Monday, November 23, 2009

Does Morphine Stimulate Cancer Growth?


Over the last week Reuters, ABC news, MSNBC, BBC News, and more than 75 other outlets reported on how two "two new studies add to growing evidence that morphine and other opiate-based painkillers may promote the growth and spread of cancer cells." What was most shocking were the headlines used to promote the stories:
All these articles (most stemming from an initial Reuters report) discussed the recent presentation by a group from the University of Chicago on the mu-opioid antagonist methylnaltrexone (otherwise known as Relistor or “that new opioid induced constipation medication”). This work, as presented at a meeting in Boston, revealed that use methylnaltrexone prevented tumor-cell proliferation and migration in cultured lung cancer cells. The group also presented work revealing that genetically altered rodents lacking the mu-opiate receptor failed to develop tumors after being injected with Lewis lung carcinoma cells, something that did occur in normal mice. This is an interesting line of research and one that gave the makers of Relistor a shot in the arm (as one website put it – “a possible new indication for Progenix's Relistor could revive its fortunes”.) I find the pathophysiology behind this incredibly interesting from an academic standpoint, however it is neither something that would warrant such dramatic headlines nor spur thoughts that it is anything but research in its infancy.

What about the claim that there is “mounting clinical evidence” that morphine may accelerate cancer growth? The only real clinical studies in this regard come from a single institution in Ireland and are basically a couple retrospective cohort studies comparing regional versus general anesthesia. The first one of these articles (Anesthesiology. 2006; 105(4):660-4) showed a beneficial relation between paravertebral block and cancer recurrence in women undergoing breast cancer surgery. The study’s authors acknowledge that “selection bias and the effects of unmeasured confounding variables” could not be excluded, as well as the fact that “relevant information such as the amount of morphine given” was not available in the records. The second study was nearly identical except it was in patients undergoing radical prostate surgery (Anesthesiology. 2008;109(2):180-7)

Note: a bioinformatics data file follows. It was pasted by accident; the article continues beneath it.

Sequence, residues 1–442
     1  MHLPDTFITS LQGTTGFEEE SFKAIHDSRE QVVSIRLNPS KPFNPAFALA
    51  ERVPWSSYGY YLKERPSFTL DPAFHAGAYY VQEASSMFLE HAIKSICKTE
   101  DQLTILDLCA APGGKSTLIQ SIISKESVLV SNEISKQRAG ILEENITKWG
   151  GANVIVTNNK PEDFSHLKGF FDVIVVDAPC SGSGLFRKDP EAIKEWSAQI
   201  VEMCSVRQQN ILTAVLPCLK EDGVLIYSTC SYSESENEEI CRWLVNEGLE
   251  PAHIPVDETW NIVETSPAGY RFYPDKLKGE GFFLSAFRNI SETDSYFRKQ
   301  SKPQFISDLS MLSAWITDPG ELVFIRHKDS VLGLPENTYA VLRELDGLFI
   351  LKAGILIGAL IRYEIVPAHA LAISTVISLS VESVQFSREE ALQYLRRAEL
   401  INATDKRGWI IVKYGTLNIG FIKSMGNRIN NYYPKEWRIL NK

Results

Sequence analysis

The most important take home point is that none of these studies actually looked at opioid use (although many of the news articles vaguely cite these studies as evidence for morphine’s deleterious effects on cancer). Even if you want to argue that these were high quality studies and there is a clear benefit of regional anesthesia, opioids should not be singled out as the cause.  Benefit of regional anesthesia may be due to a myriad of other effects of regional anesthesia including the lack of volatile anesthetic agents or an improved stress response. These studies are noteworthy, but I agree with the authors of these articles that they should “be viewed as generating a hypothesis and an estimated effect size for future large randomized controlled trials”.

So if you have a patient on morphine asking you whether “morphine will make my cancer worse”, the answer is no. There is no clinical evidence that morphine, or any other opioids, cause real harm through stimulating cancer growth. There is though significant high quality evidence for their benefit in relieving pain and suffering.


References:

Exadaktylos AK, Buggy DJ, Moriarty DC, Mascha E, & Sessler DI (2006). Can anesthetic technique for primary breast cancer surgery affect recurrence or metastasis? Anesthesiology, 105 (4), 660-4 PMID: 17006061

Biki B, Mascha E, Moriarty DC, Fitzpatrick JM, Sessler DI, & Buggy DJ (2008). Anesthetic technique for radical prostatectomy surgery affects cancer recurrence: a retrospective analysis. Anesthesiology, 109 (2), 180-7 PMID: 18648226
ResearchBlogging.org

12 comments:

LeighSW said...

I hadn't heard about this study but I'm sure a patient will bring it up at some point. Thanks for equipping me to dispel the misinformation. Why does morphine always get such a bad rap?

Eric Widera said...